(80) of the Constitution which
states that all of the President s
powers are exercised on the advice
Debate on the Constitutional
(Amendment) Bill---to date---has
exposed the fact that the Consti-
tution of T&T vests too much
power in the hands of non-elected
independent senators appointed by
a selected president.
Too much power for non-elected
The following was inspired by the
lyrics of Andersson, Benny Goran Bros
and others (Thank You For The Music).
Kelwyn is someone special, he's certainly
not a bore.
Each day he'd e-mail me jokes, many I
never heard before.
He has a talent, a wonderful thing
'cause everyone listens when he starts
But I've often wondered: how did it all
That Kelwyn had something that could
capture a heart?
I understand that Kelwyn's mother said
he was a dancer before he could walk.
Another feat I try to imagine: when she
said he started singing before he could
He was discovered at age six when he
sang for then-famous Mahanna Had-
At a lavish party, standing on a table, he
sang to her Happy Birthday!
Kelwyn was employed with a pharma-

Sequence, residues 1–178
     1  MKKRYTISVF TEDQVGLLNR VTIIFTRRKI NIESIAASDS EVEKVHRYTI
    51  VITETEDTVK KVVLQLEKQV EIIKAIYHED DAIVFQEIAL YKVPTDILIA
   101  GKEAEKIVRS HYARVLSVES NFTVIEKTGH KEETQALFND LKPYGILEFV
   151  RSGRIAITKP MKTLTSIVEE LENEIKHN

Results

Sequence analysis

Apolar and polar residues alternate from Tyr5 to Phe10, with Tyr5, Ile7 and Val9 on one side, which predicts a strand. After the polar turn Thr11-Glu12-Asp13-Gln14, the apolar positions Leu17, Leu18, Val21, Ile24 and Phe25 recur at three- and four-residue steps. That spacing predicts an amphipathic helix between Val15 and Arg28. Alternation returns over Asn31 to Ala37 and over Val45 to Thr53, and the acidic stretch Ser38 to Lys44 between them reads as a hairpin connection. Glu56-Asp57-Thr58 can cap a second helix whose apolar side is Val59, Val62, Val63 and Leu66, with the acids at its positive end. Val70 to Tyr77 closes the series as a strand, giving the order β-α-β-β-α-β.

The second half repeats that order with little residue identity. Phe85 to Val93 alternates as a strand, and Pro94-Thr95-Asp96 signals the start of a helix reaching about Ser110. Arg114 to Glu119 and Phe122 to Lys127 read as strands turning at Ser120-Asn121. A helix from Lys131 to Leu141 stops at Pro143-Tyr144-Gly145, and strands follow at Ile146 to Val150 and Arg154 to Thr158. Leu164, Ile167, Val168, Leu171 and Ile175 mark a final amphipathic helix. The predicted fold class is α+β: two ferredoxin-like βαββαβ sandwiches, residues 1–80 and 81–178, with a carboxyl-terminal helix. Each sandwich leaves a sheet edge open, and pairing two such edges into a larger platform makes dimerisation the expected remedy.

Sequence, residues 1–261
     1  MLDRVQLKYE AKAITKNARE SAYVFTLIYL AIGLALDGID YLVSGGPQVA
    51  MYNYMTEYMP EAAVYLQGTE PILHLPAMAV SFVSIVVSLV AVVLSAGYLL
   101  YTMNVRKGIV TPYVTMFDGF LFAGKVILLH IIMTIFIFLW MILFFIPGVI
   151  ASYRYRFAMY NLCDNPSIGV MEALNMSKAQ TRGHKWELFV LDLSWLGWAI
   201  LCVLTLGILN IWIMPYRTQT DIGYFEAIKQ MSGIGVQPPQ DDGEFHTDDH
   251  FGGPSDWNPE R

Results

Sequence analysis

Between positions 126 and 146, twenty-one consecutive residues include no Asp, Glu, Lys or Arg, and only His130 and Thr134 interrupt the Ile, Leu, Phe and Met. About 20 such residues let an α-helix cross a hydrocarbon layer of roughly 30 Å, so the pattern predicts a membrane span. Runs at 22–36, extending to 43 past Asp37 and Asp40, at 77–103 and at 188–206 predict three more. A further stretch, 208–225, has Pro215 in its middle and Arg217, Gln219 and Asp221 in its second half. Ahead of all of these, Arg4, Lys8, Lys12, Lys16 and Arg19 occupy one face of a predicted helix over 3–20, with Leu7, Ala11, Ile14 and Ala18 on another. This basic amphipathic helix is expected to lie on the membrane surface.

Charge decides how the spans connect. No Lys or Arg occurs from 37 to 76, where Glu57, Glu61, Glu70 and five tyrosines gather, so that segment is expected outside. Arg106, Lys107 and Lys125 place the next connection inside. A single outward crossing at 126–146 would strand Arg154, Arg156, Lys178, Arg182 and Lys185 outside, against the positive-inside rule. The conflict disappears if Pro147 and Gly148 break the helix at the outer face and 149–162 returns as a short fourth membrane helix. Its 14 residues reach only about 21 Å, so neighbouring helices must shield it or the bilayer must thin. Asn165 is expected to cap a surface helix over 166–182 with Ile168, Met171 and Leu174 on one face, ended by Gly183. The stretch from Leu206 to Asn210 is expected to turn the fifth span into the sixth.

ceutical organisation as regional man-
So he did not really have to sing for his
He enjoyed the times he sang for wed-
dings, birthdays, and anniversaries.
He has been an energetic participant in
events for charities.
When his friend Geddes passed, he even
sang at his funeral too:
All My Tomorrows Belong to You
Some of the music and songs today in-
cite a different rhythm:
Youngsters dance to a waltz and ask
where that music came from.
They are music and lyrics of Cole Porter,
George and Ira Gershwin,
Rodgers & Hammerstein, Jerome Kern
and Irving Berlin.
Kelwyn is famous for the ballads of the
present and the past,
And for future generations, these songs
will surely last.
Kelwyn crooned Carols By Candlelight in
the President's bandstand.
He did this voluntarily and happily and
not by command.
T&T celebrates our 52 years of Inde-
pendence this year;
Kelwyn celebrates 73 years as a bal-
His popularity is recognised and he is fit
and is strong.
That is why the Hall of Fame is where
his name should belong.
So I say to Kelwyn:
Thank you for the music
The songs you're singing
Thanks for all the joy they're bringing
Who can live without it, I ask in all hon-
What would life be
Without a song or a dance, what are we?
So I say:
Thank you for the love songs,
And for singing them to me.
Thanks to Kelwyn Norman Hutcheon